The weaker the governance of a company, the faster its shares seem to be flying
According to reports, Dr Khemka, who dared to question the land deals of Robert Vadra and DLF, will be transferred to the Centre on deputation and his file is cleared by the PMO
Dr Ashok Khemka, the senior officer from the Indian Administrative Services (IAS), against whom the Bhupinder Singh Hooda government in Haryana had sought a probe by the Central Bureau of Investigation (CBI), will be transferred to Central government on deputation, says a report.
According to reports, the civil services board has approved the whistle-blower's deputation. “The Union Cabinet secretary has made a recommendation to the Prime Minister's Office (PMO) to transfer the 1991-batch IAS officer, from Haryana to the central government. The PMO has also cleared Ashok Khemka's name and the communication is being sent to the Haryana government,” a report from India Today says.
In January, the Haryana government had sought a CBI probe into Khemka's role in allotment of work for roofing sheets for warehouses.
In October 2012, Dr Khemka dared to question the land deals of Robert Vadra, Sonia Gandhi's son-in-law, with the powerful realty giant DLF, which magically transferred into humongous profits from Mr Vadra. He had cancelled the mutation of a Rs58-crore land deal between Vadra's company, Skylight Hospitality, and DLF.
Khemka had also ordered an inquiry into the undervaluation of land deals done in four districts in Haryana, adjoining New Delhi, by Vadra.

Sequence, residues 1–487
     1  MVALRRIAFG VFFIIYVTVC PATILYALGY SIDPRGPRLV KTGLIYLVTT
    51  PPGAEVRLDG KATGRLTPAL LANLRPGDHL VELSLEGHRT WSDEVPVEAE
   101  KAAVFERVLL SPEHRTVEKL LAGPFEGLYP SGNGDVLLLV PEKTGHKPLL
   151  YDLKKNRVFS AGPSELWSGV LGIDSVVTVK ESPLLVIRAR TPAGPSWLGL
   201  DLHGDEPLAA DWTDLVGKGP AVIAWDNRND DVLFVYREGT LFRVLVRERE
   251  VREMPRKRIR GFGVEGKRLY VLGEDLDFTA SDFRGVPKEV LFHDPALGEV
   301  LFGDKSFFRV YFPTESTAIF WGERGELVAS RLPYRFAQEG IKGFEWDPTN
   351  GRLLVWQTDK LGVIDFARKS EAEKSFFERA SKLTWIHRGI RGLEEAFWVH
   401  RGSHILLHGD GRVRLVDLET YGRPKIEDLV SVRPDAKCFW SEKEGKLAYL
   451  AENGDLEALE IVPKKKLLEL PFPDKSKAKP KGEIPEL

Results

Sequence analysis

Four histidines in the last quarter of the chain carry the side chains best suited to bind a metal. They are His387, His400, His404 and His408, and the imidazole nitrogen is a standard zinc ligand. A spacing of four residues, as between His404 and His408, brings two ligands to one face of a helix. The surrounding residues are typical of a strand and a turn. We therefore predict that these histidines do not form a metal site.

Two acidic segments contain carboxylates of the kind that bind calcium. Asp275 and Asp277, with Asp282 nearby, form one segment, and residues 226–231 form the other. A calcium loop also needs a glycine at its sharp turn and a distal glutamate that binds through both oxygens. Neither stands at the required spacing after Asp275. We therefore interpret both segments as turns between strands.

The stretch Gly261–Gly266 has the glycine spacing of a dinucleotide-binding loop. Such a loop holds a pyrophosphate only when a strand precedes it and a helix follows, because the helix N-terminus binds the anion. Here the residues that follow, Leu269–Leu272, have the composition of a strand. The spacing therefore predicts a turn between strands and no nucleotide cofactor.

Both orders were passed by Khemka after he had been transferred as director-general, consolidation and inspector general, registration, by the state government.
When that happened, the Haryana government did not stop at mere transfer of Dr Khemka. It wanted to crush and victimise Dr Khemka. The Haryana chief minister served Dr Khemka a charge sheet for "having caused damage to the reputation of Robert Vadra and that of DLF," and also for "illegally" cancelling the land deal. It also started an investigation into Dr Khemka's role as the MD of Haryana Warehousing Corporation, designed to harass and intimidate him. In an unprecedented move, the state government has ordered an audit by State Auditor General targeted only at him.
Last week, the Haryana Principal Accountant General (PAG) audit has confirmed irregularities in the state warehousing godown fabrication tender allotment, which took place when Dr Khemka was the company's managing director.
The state administration was allegedly demanding a CBI probe.
A life of understanding and empathy isn't just ethical, but also healthier for the individual
“Too often we underestimate the power of a touch, a smile, a kind word, a listening ear, an honest compliment, or the smallest act of caring, all of which have the potential to turn a life around.” — Leo Buscaglia
Webster’s dictionary gives the following meaning to the word empathy: “The intellectual identification with, or vicarious experiencing of, the feelings, thoughts, or attitudes of another.” Empathy is more enduring and valuable than sympathy or romantic love. It is derived from many roots, mainly Greek empatheia (affection) and has a lot to do with the root paschein (to suffer). It is also influenced by the German root Einfuhlung.